HARDIN — Barriers that are unique to Montana’s rural areas and indigenous communities sometimes make it difficult for kids to access books and begin their reading journey, according to Hardin Primary School Principal Roxanne Not Afraid.
“Sometimes that access isn’t available. I think the availability of a Barnes and Noble, ya know, book stores, because we’re in a rural community,” she said.
There’s a public library and school libraries in Hardin, but during the summer, sometimes those resources are closed or kids need a ride to check out books.
“The challenges are that every child has their own personal library in their home, and just getting that accessibility to have an actual book in their hands and to have a collection of books at home,” Not Afraid said.
She says once kids build their reading skills, everything else can take off from there.
The Hardin district now has preschool which librarian Teri Lynn Wagner says helps a lot.
“When they come to school they haven’t had the language, there’s the language barrier, and they just don't have the language yet and just aren’t ready to speak some of that or be ready to read,” Wagner said.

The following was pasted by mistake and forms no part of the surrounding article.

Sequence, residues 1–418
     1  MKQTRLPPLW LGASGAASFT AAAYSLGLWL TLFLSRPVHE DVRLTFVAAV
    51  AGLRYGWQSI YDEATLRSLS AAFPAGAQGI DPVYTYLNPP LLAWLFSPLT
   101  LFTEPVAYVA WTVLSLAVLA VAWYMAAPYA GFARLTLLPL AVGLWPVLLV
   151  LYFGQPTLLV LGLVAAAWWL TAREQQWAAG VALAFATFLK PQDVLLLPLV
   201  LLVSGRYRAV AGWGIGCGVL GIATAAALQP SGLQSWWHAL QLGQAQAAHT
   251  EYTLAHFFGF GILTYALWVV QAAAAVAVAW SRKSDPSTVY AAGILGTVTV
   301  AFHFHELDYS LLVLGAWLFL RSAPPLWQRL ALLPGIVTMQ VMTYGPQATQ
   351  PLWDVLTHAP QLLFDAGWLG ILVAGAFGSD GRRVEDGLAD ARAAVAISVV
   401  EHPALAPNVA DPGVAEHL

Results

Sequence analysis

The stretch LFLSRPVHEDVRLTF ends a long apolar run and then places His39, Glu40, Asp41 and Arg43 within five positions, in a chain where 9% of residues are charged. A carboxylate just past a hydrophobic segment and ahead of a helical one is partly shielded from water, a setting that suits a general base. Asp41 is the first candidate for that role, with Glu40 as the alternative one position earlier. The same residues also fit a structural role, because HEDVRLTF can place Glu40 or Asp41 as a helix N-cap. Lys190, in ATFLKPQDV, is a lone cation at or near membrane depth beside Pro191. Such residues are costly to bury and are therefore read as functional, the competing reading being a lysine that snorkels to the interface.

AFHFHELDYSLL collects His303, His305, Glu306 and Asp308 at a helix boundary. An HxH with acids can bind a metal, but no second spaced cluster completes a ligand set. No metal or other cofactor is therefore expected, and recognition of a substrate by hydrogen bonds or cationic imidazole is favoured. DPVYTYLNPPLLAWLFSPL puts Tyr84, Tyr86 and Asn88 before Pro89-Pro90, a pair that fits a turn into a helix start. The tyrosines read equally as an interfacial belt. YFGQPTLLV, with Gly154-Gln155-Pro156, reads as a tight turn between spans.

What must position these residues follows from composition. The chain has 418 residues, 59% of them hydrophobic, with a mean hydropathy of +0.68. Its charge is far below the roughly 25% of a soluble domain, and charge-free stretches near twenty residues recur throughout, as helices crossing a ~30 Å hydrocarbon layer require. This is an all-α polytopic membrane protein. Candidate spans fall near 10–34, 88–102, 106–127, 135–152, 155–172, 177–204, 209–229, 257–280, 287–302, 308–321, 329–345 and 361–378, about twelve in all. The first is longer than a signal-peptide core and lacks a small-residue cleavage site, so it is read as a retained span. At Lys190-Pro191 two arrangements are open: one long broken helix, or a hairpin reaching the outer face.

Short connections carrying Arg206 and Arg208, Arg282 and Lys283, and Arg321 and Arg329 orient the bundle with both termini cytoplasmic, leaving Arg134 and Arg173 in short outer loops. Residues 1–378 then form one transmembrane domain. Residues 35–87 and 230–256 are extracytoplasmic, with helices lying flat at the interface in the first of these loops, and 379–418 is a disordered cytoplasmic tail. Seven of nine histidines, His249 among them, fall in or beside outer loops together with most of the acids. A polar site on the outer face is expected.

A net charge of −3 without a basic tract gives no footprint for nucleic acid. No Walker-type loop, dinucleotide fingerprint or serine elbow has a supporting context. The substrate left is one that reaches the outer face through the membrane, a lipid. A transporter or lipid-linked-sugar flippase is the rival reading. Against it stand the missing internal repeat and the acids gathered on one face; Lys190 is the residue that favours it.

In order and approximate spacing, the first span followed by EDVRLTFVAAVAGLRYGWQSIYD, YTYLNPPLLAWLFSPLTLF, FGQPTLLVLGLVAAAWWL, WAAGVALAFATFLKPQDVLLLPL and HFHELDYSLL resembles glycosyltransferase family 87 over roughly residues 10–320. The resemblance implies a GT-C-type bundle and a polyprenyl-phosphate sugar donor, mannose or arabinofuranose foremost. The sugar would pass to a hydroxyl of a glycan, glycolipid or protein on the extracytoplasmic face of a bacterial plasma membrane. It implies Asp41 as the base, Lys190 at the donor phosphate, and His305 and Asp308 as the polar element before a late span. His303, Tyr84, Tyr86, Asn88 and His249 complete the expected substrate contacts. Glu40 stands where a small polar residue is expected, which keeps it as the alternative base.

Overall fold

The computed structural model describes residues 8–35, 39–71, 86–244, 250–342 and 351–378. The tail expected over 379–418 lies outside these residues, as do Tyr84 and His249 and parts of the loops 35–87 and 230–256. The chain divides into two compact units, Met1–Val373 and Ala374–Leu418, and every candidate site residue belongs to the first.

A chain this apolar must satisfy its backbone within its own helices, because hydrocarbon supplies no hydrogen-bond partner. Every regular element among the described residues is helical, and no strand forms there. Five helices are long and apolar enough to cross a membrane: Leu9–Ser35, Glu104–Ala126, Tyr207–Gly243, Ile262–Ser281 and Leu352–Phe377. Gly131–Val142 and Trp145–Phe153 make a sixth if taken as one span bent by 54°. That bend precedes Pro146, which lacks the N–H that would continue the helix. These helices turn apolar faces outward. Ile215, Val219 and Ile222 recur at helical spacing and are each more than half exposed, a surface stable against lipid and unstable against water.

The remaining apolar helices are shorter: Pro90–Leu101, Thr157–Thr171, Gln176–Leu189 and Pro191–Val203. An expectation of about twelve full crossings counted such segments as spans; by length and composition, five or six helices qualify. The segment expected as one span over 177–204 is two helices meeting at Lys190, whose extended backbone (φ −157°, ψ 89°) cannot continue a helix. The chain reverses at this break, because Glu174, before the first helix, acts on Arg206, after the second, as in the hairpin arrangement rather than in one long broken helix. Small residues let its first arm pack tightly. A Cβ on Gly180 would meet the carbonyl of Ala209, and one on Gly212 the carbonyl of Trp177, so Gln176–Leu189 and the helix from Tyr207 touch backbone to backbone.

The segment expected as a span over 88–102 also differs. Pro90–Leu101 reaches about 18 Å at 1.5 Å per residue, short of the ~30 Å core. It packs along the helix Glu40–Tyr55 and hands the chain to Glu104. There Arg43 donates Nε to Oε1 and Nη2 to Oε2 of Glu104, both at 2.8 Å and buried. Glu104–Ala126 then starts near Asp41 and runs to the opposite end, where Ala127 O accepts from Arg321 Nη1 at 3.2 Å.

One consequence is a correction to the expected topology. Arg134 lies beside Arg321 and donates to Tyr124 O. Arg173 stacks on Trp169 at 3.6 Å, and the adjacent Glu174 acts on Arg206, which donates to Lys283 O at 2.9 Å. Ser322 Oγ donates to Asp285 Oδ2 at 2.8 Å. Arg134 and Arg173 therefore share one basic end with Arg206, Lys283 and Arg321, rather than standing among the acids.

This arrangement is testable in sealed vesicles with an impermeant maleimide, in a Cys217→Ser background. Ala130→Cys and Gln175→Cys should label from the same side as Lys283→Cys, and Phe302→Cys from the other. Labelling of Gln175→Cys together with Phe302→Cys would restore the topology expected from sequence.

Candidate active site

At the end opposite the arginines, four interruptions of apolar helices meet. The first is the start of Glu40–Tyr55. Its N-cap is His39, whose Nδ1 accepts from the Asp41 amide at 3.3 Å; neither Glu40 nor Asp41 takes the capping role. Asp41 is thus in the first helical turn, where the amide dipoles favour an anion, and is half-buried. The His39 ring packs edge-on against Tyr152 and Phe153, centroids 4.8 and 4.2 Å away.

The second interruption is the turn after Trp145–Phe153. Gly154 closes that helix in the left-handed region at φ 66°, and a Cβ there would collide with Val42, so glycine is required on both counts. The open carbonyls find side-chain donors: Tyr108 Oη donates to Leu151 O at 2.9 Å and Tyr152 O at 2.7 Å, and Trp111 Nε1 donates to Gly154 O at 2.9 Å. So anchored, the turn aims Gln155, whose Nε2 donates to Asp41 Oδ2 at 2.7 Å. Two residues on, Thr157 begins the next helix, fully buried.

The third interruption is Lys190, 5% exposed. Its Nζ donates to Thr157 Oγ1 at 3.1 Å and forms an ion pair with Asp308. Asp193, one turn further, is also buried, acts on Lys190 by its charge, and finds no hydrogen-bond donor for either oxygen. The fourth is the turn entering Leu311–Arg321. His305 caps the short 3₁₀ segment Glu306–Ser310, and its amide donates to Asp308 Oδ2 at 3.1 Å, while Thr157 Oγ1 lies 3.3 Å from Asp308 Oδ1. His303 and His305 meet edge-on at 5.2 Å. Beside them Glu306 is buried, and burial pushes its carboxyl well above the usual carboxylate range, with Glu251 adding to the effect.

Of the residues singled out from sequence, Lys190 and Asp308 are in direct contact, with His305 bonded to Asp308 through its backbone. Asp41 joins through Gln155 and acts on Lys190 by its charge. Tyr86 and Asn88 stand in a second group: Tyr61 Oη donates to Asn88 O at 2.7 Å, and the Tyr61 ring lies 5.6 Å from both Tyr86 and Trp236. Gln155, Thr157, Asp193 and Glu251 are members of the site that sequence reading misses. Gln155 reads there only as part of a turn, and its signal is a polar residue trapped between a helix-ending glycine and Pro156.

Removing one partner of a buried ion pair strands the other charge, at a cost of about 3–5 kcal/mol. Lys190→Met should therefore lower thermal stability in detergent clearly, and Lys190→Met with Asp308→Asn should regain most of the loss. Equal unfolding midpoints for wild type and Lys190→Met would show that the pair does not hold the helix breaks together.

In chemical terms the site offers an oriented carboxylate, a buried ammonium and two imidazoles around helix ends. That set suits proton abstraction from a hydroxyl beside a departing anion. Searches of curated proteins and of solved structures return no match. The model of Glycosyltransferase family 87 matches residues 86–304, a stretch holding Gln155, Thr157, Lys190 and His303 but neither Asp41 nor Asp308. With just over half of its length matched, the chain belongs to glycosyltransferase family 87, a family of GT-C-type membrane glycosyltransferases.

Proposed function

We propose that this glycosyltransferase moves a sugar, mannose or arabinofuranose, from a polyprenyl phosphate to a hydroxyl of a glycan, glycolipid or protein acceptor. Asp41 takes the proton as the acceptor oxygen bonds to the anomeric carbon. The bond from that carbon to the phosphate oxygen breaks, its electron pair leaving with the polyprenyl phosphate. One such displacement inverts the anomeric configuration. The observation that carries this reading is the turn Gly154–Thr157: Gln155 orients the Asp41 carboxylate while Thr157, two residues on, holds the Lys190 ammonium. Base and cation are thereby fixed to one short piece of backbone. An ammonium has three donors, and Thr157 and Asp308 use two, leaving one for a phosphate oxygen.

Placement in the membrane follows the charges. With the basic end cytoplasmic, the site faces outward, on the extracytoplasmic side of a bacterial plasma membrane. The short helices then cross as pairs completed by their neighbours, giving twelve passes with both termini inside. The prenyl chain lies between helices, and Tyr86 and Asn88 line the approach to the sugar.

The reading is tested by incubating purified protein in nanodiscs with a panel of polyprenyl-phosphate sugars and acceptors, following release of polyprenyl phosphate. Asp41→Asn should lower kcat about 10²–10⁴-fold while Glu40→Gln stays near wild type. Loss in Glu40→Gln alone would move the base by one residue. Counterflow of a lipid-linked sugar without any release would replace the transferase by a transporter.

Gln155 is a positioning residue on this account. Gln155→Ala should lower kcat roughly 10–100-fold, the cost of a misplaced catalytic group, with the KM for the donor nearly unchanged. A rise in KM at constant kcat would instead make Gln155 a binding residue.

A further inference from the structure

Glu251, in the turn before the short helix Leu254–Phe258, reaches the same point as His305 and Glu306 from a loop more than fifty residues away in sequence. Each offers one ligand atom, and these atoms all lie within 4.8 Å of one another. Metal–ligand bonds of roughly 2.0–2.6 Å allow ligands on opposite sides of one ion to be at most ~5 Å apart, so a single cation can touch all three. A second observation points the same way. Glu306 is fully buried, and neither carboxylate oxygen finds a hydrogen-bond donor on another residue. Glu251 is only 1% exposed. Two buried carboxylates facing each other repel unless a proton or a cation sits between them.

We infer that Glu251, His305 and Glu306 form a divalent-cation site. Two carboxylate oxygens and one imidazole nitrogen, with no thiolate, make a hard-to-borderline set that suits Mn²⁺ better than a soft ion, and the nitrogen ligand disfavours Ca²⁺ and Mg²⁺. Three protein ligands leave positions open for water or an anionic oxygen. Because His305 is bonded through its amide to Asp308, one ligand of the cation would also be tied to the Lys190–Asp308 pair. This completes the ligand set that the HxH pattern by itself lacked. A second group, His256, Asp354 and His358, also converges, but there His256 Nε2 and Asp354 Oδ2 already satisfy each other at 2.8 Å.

The Hardin district’s Parent Center runs programming to support families in reading at home and other efforts.
“That’s the biggest thing, is getting books into those kids' hands. And do some of our books come back if they’ve checked them out or whatever, no, but we move on, that’s ok,” she said.
According to the Scripps Foundation, the number of books in the home is one of the greatest predictors of a child’s success in school and beyond. Decades of research has confirmed the correlation between childhood poverty, lack of access to reading resources, lower reading proficiency and the resulting struggle to complete high school and prepare for the world beyond.
To donate to Q2's efforts to get free books into the homes of local kids, text Q2reads to 345345, or visit ktvq.com/book.